Blend the parsley and olive oil in a food processor. Boil and mash the potatoes and whisk in the parsley oil and season. Preheat the oven to its maximum temperature. Place an ovenproof pan on a high heat, and leave for 5 minutes until the pan is hot. Season the fish with salt and pepper. Add the olive oil to the pan; it should glisten and cover the base of the pan with a glossy film of very hot oil. Place the fish onto this searing heat, and cook for 2-3 minutes. Place the whole pan in the oven for a further 2-3 minutes until the fish is milky white and firm to the touch.
Salt and Chilli Squid
50g rice flour
50g potato flour
2 teaspoons salt
1 teaspoon Sichuan peppercorns, crushed
oil for deep frying
sweet chilli sauce
Slice the squid into fine rings. Combine the flours and seasoning on a plate. Heat the oil to 170ÂºC.
Dredge the squid in the seasoned flour, shake off the excess and immediately deep fry. Do this in batches. Drain the squid on kitchen paper and serve immediately with Sweet Chilli Sauce.
Fool Proof Food
Heads and bones of 1 Â½ kg flat fish
1 carrott, scrubbed and chopped roughly
1 onion, peeled and halved
1 stalk celery, chopped
2 bay leaves
10 crushed black peppercorns
3 litres water
Put all the ingredients into a large saucepan and bring to the boil. Skim the surface of the foam that will gather, and then simmer for absolutely no more than 15 minutes. Strain.
Ask your fishmonger for fish bones – you may even get them for free â€“ and make a fine pot of fish stock it only takes 15 â€“ 20 minutes to make. Use for soups, stew and sauces.
Ladybird Organic Farm rewards Green Bicycle Buyers
Ladybird Organic Farm in Tipperary has come up with a novel way of reducing the carbon footprint of visitors to farmers’ markets. All cyclists who come shopping on their bikes to the Ladybird Organic Farm stall at Farmers’ Markets in Tipperary get a 10% reduction on their purchases of home-grown eggs, beef and pork.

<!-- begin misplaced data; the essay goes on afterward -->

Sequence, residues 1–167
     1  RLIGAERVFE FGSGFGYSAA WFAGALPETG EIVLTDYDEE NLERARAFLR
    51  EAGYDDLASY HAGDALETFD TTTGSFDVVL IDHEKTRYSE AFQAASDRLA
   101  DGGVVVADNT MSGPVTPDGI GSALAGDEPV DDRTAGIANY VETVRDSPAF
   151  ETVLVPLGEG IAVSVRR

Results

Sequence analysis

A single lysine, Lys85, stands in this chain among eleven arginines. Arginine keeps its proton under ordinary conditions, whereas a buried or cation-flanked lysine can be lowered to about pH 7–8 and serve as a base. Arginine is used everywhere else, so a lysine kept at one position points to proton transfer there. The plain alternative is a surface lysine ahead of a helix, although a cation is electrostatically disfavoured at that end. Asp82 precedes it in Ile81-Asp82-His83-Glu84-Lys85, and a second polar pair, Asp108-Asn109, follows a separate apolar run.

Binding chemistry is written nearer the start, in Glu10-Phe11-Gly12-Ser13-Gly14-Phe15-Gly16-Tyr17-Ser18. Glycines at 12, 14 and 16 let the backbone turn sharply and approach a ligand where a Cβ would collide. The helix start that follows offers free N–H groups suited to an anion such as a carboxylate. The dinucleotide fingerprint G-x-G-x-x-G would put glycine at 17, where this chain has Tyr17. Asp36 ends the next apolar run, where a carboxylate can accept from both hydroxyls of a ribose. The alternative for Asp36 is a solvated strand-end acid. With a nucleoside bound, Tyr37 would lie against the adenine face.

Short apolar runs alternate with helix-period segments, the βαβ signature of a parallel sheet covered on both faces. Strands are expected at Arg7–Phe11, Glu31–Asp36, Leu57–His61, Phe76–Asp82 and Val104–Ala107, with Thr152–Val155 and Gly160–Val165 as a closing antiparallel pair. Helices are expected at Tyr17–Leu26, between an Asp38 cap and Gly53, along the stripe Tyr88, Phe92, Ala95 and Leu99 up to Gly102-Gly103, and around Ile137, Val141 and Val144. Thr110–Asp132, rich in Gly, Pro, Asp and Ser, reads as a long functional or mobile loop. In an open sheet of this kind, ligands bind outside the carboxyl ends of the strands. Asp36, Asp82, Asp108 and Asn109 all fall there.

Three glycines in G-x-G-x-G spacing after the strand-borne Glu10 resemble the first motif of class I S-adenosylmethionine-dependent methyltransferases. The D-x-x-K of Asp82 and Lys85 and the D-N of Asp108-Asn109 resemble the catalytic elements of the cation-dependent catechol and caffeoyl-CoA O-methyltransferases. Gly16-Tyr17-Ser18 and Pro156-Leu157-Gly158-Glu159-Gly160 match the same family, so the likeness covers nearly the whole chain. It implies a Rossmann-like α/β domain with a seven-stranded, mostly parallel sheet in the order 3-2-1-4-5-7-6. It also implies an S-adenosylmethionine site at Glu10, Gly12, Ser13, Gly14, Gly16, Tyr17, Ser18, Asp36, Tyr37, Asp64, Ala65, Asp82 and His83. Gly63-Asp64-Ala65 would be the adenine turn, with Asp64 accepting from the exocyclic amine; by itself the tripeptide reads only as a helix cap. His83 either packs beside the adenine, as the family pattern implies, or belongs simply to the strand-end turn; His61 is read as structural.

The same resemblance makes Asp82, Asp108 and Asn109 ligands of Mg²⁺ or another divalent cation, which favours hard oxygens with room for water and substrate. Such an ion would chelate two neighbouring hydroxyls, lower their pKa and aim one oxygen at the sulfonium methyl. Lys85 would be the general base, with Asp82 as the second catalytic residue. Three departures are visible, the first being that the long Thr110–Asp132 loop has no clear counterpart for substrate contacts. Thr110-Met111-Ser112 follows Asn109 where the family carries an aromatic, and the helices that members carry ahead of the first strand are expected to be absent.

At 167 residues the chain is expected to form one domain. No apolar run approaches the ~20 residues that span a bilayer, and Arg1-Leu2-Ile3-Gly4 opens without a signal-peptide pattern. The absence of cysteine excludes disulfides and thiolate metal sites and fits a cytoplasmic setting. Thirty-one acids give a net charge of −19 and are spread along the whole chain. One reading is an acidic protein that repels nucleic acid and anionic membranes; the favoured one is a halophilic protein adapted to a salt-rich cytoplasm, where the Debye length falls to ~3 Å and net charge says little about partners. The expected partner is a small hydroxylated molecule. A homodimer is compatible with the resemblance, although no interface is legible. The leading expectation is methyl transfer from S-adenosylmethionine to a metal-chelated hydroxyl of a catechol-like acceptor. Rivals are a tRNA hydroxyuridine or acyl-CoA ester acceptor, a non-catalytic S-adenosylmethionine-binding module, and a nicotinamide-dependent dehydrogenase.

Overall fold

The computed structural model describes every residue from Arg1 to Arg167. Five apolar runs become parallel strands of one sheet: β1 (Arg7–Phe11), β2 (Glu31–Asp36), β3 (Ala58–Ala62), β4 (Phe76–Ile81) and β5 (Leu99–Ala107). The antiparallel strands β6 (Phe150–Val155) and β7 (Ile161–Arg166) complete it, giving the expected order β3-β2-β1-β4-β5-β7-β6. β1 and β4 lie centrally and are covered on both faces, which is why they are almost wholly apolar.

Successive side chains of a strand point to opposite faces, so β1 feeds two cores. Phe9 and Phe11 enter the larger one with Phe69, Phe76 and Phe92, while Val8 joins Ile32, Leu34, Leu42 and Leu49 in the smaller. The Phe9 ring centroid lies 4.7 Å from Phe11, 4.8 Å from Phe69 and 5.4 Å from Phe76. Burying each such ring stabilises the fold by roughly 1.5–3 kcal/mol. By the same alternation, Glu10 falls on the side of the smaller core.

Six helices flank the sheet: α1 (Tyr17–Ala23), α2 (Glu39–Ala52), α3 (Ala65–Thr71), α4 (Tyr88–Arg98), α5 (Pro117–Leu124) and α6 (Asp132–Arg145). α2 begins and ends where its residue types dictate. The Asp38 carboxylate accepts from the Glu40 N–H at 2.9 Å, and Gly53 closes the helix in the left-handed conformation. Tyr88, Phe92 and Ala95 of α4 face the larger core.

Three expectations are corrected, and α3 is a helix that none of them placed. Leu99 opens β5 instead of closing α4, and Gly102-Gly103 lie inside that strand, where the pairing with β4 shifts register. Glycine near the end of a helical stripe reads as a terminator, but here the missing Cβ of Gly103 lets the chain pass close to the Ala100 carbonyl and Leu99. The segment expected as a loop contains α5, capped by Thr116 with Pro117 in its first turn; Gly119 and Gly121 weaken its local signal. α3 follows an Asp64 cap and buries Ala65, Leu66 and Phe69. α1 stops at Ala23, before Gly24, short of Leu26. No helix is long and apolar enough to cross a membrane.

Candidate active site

Ladybird Organic Farm is one of the heroes of organic farming and wants to reward like-minded buyers who purchase their organic eggs, gourmet beef burgers, 21-day dry-aged beef, rare breed rashers, pork shoulders and legs and farmhouse sausages. The 10% discount applies to the end of May and is, according to Stella Coffey, a way that people can help the environment while supporting local food. 052-42816
Silk Purse Evening Food and Drink Parlour
An Cruibin, celebrates its first year of existence with the official launch of The Silk Purse, on Thursday 30th April at 8pm. The restaurant, where elegance and debauchery go hand on hand, is located above the music venue The Lobby, 1 Union Quay, Cork city. To book telephone 021 4310071. For raucous, delicate, compassionate, uncouth and heady cuisine in tres chic et risque ambience.
Nude Food Another Gem in Dungarvan
Charismatic cook and Farmers Market organiser Louise Clark opened Nude Food in Dungarvan, Co Waterford in September 2008 and when we called in there last weekend the place was packed with people queuing at the door for a table. They source most of their food locally; suppliers include Arbutus Breads, Ardsallagh Cheese and Green Saffron Spices. Louise tells me her roasted Mediterranean vegetables served with hummus on the side is a best seller as is the spicy lamb burger served in a Broadway bagel. (058) 24594 firstname.lastname@example.org